It is late Christmas afternoon. The rain that came earlier, for most of the day, has stopped, leaving the road beneath my feet alternately crunchy and smushy. The clouds have not completely disappeared. The sky is a mottled pewter, still and dull. The bird sounds are soft and low to the ground. I can’t identify any of them.
In the distance, over the field and through a large stand of pine trees, I hear gunshots. Muffled by the dense atmosphere and the distance, I can not tell whether they are made by a rifle or shotgun, a Christmas present most likely, being broken in by its proud new owner.
It reminds me of all the Thanksgiving mornings and Christmas afternoons of my childhood in which my father, my uncles, and, later, my brother and cousins, clad in various degrees of camouflage, gathered up in a field to hunt. Their success was never measured by the number of doves or quail they shot, but by the stories they wrote from just being together.
It is the kind of memory that would generally evoke other holiday memories, that would send my mind down a trail lined with images of Icebox Fruitcake being pulled from the back of Grannie’s refrigerator, of an Etienne Aigner pocketbook being pulled from under the Christmas tree, of a sticky cedar tree being pulled across a field by my four-year-old nephew.
Generally. But not today.
Today there is the matter of the Christmas tree. Four days before Christmas the top section of lights on my Christmas tree blinked once and died. Two days later the middle section bid farewell, leaving only the lower third illuminated. Every time I walked through the living room, the crippled state of my tree caught my attention, reminding me that as Steve Walsh and Kansas pointed out in the late 70s, nothing lasts forever but the earth and sky. Before I left the house I was looking online at post-holiday sales on Christmas trees because, of course, I have to resolve the issue a full 365 days in advance.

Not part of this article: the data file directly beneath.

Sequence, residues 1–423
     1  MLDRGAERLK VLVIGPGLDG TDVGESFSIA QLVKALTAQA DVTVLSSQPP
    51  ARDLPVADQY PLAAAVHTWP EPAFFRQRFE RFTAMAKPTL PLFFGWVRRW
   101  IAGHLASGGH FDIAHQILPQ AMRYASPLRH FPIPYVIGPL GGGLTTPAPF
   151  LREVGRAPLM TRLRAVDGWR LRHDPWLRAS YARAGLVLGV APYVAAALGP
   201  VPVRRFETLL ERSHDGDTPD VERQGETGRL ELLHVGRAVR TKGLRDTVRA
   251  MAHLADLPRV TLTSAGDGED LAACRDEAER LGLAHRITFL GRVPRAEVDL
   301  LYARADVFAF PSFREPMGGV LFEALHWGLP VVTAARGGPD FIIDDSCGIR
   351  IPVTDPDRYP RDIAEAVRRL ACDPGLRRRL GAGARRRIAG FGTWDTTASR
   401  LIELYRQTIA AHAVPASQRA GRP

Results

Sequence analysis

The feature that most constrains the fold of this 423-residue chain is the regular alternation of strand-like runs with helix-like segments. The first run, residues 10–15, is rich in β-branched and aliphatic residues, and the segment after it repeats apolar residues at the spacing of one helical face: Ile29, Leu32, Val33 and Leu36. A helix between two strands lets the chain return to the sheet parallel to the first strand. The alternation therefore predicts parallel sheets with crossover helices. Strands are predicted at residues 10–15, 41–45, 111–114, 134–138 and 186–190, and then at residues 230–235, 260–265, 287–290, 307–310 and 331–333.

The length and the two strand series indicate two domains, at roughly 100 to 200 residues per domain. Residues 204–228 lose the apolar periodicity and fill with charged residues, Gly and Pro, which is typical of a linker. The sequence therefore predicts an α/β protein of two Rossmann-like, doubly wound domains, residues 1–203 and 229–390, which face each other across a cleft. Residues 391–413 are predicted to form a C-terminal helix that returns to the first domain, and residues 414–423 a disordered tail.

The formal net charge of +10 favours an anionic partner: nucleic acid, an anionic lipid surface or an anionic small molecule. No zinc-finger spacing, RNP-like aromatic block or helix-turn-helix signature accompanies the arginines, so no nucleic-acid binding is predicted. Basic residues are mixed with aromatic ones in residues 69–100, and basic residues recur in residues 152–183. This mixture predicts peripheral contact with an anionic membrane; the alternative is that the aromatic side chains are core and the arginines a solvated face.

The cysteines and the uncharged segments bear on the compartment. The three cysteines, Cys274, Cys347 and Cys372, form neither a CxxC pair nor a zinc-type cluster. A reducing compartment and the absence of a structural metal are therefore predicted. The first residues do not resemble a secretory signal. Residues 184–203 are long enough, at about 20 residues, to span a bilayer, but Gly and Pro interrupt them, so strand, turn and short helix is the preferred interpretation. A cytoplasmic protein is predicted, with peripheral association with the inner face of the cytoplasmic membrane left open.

It occurs to me that while Mary and Elizabeth get all the attention this time of year, Martha (she of the “distracted by many things” fame) is probably more familiar to the women I know. Trying to feed the big crowd that is due to arrive at any moment, provoked at a sister who doesn’t do nearly enough to help, the work of the holiday has (she thinks) fallen all on her and, to make matters worse, somebody (that would be the Son of God) is saying things like, “Sit down, Martha. Let’s visit.”
Back at home, the first thing I see as I walk in is the tree. I pause. I take a breath. The truth is that no one else noticed its failure. Not the technician who came to fix the gas logs. Not the family that came to celebrate the season. Not even the children who camped under its false branches awaiting the distribution of gifts.
For all that I have noticed this Christmas – the distant look in my father’s eyes as he watches his great-grandchildren open gifts, the chrismons fluttering among the branches of the evergreens in the church chancel, Christmas cards growing into a soft mound on the silver tray – I am learning that perhaps there is also value in not noticing. I don’t have to see or hear or even feel everything. I can choose what is worth acknowledging and ignore the rest. What kind of Christmas gift is that?